maiden; 4) water is given; 5) the woman hurriedly runs home to tell;
6) the man is invited to stay; and 7) a betrothal is concluded. When
Jesus ventures into a foreign country and meets a woman at a well,
the properly conditioned reader of the text will immediately assume
some overtone of courtship, especially since this narrative follows a
story attributed to the bridegroom (2:11), a title given to Jesus in 3:29.
While the woman is ignorant of Jesus identity, the reader knows that
18 Dodd, Interpretation, 315; Culpepper, Anatomy, 136-37; P. Duke, Irony in the
Fourth Gospel (Atlanta: John Knox, 1985) 100-103.
19 See Culpepper's approach (Anatomy, 72-73) where he finds a similar type
drama in John 9.
21 Duke, Irony, 101.
22 R. C. Culley, Studies in
the Structure of Hebrew Narrative (
Fortress, 1976) 41-43; N. R. Bonneau, "The Woman at the Well: John 4 and Genesis 24"
The Bible Today 67 (1973) 1252-59.
134 CRISWELL THEOLOGICAL REVIEW
Jesus is the Christ, the Logos, the Bridegroom who will win this
woman to himself.
The text is irony-filled as exemplified by the initial scene in the
drama. Jesus greets the woman with, a request for water (cf. Gen
24:12), which is most ironic in view of who will eventually give water
to whom. Jesus is a Jewish male conversing with a Samaritan female.
He has burst the bonds of his people's circle so that the woman
herself is taken-back. Jesus does not answer her objections, instead he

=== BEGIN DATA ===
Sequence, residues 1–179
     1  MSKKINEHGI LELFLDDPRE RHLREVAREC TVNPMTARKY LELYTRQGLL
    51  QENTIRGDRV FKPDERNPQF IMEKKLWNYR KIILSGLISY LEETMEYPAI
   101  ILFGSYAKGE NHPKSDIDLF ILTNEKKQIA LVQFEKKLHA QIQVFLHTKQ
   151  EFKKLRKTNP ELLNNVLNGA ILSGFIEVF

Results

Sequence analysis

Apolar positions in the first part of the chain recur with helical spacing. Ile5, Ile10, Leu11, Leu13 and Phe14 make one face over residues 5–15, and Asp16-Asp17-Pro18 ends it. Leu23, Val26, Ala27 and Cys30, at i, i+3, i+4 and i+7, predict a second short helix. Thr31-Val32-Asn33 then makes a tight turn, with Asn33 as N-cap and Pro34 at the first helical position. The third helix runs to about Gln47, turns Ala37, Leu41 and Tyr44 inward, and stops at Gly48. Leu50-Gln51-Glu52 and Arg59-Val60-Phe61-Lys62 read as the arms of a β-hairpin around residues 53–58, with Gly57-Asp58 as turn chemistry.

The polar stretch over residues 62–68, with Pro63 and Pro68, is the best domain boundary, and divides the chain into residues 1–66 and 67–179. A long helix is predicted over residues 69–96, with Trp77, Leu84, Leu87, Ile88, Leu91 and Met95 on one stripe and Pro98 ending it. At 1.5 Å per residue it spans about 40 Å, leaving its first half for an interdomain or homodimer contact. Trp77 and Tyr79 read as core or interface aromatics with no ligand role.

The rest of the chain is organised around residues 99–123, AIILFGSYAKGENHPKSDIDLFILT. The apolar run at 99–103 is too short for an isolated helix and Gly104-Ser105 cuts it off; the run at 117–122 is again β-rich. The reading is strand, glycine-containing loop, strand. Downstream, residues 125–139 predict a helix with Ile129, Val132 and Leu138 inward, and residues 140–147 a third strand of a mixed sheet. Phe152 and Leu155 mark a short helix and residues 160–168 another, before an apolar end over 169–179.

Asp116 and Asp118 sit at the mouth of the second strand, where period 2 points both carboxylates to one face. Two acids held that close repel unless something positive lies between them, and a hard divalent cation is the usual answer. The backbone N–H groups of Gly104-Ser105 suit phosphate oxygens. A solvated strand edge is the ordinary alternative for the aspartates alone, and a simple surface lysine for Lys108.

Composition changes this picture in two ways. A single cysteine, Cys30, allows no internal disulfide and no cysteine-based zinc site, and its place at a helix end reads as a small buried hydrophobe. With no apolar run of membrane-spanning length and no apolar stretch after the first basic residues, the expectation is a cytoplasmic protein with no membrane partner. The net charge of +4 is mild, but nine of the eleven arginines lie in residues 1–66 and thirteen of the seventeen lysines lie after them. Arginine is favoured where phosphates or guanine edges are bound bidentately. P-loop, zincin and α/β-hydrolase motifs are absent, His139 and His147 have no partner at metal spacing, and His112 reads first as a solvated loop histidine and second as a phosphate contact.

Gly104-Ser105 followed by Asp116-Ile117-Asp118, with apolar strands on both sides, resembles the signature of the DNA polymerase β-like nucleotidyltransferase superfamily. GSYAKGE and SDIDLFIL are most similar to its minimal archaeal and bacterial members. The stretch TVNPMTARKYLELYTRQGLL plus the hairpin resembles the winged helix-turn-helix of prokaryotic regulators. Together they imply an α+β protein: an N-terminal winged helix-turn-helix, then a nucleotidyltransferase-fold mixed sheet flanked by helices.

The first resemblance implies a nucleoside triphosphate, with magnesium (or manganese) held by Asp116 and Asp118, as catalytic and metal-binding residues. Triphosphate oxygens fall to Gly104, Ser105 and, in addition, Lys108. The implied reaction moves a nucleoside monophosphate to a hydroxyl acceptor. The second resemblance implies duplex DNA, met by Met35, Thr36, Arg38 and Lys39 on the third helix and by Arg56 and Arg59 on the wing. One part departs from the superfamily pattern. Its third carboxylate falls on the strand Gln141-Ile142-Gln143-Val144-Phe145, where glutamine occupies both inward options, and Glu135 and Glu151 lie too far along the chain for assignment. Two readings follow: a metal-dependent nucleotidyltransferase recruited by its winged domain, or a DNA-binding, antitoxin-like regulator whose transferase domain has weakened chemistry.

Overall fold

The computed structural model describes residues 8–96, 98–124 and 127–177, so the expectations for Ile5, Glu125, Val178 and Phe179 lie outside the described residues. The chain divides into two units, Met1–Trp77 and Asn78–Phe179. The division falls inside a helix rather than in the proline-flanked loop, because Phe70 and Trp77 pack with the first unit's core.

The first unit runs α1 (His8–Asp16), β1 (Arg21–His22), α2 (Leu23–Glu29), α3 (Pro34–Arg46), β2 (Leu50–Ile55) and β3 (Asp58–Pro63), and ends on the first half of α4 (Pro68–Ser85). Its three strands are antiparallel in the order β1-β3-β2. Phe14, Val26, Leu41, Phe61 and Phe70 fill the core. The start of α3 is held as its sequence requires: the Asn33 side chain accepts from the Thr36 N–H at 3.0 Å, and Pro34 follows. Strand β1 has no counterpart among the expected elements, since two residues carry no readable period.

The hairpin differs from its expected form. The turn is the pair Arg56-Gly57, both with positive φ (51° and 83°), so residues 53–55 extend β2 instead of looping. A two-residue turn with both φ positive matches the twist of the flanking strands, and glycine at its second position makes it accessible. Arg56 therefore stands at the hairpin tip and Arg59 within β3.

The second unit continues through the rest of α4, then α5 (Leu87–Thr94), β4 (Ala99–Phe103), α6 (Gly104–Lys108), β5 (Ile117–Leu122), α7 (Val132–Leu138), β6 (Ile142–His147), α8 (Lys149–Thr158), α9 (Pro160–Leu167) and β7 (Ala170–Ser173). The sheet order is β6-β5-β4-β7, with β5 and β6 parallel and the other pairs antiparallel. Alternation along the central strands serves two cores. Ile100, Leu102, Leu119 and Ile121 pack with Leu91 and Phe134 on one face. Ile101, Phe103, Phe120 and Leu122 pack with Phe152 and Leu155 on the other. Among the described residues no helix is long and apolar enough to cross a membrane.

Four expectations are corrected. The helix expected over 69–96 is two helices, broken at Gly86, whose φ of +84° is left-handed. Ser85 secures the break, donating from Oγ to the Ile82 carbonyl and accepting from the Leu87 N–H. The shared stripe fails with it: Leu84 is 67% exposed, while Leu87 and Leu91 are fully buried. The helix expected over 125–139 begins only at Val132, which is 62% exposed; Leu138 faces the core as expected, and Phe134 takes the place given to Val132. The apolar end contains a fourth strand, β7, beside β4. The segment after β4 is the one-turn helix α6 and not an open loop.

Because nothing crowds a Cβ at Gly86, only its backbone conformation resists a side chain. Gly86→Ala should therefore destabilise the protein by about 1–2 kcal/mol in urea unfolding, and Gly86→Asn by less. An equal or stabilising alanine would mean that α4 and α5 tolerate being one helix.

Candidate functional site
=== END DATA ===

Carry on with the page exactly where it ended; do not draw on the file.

suggests that she does not know the one talking with her (v 10). The
emphasis on her ignorance serves dramatically to increase the sense of
difference between them. The woman misunderstands u!dwr to> zw?n
(spring water, running water, living water) reminding him she lacks
the necessary vessel to carry it. Jesus notes that his gift of water
relieves thirst forever, the woman, impressed, but confused, replies
"ku<rie (sir, lord) give me this water that I may not thirst anymore, nor
come here to draw" (v 15).23 The element of the gift of water in the
betrothal scene has been elaborated in an eight-verse interchange by
means of irony, double meaning and misunderstanding. As Duke has
Such expansion functions not only to underline the symbolic significance
of water, but also to mark the gradual and inexorable movement of the
two characters toward each other. In the betrothal type-scenes the
drawing of water is the act that emblematically establishes a bond-
male-female, host-guest, benefactor-benefited. In elaborating Jesus
offering of water and the woman's dawning (though misdirected) desire
for it, the author (the text dramatizes how Jesus draws her to himself.24